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limit the use of personal information gathered online or require online services to establish privacy policies. Moreover, proposed legislation in the United States and existing laws in foreign countries require companies to establish procedures to notify users of privacy and security policies, obtain consent from users for collection and use of personal information, and/or provide users with the ability to access, correct, and delete personal information stored by companies. These regulations and other laws, rules, and regulations enacted in the future may adversely affect our ability to collect, disseminate, or share demographic and personal information about users and our ability to e-mail or telephone users, which could be costly and adversely affect our marketing efforts.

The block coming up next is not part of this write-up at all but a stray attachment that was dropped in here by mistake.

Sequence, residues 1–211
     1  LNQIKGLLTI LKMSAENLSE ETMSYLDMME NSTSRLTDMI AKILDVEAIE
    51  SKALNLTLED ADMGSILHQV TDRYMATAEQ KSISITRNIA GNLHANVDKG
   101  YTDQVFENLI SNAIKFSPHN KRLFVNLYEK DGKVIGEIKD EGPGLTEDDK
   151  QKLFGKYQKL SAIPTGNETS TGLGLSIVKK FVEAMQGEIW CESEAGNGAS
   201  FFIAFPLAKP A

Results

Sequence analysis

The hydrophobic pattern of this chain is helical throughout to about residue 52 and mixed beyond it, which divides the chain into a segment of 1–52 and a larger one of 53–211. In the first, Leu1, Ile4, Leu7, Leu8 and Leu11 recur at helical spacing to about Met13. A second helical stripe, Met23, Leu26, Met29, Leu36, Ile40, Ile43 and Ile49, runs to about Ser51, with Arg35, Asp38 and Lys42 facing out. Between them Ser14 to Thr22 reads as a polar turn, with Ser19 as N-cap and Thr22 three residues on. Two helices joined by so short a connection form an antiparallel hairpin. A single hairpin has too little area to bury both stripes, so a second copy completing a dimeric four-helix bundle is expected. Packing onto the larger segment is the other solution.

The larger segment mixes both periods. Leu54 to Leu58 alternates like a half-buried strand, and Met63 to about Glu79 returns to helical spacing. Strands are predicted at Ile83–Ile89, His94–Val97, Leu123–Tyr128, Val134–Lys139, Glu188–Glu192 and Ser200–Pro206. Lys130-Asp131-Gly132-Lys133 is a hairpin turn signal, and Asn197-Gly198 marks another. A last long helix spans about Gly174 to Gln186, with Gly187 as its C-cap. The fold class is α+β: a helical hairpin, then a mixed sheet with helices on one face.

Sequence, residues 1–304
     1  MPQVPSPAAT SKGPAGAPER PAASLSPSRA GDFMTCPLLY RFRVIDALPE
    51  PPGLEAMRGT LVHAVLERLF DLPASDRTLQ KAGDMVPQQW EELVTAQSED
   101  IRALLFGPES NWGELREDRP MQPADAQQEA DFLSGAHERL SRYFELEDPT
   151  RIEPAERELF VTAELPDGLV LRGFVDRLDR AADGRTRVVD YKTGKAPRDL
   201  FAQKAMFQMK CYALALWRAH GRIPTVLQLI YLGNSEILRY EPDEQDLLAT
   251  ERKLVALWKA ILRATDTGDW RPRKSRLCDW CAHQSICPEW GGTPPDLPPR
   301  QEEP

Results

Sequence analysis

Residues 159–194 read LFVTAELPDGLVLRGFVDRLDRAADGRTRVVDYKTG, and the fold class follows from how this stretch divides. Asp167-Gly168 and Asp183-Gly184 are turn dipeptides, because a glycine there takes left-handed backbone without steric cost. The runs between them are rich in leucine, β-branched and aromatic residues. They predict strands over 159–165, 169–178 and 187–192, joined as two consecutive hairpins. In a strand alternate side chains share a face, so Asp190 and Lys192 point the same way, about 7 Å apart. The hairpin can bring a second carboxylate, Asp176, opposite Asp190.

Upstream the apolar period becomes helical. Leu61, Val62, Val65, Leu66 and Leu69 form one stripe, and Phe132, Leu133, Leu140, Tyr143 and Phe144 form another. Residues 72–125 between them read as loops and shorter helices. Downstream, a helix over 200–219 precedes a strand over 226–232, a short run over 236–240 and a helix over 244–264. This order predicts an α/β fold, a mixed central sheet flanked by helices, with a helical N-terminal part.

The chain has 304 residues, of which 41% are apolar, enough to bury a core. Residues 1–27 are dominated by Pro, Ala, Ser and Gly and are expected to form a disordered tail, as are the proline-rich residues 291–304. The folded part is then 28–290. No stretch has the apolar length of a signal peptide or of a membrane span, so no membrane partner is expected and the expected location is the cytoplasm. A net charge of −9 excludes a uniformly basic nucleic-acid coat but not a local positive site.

We may be subject to regulations governing the conduct and liability of auctioneers, which could affect the way in which we conduct our business or otherwise increase our cost of doing business.

 

Numerous states and foreign jurisdictions, including California, where our headquarters are located, have regulations regarding how auctions may be conducted and the liability of auctioneers in conducting such auctions. No final legal determination has been made whether the California regulations apply to our business, and little precedent exists in this area. Several states and some foreign jurisdictions have attempted, and may attempt in the future, to impose regulations that could affect us or our users, which could harm our business.

 

We are subject to regulations relating to consumer privacy, which could increase the cost of our doing business, expose us to litigation costs, increase our service or delivery costs, and otherwise harm our business.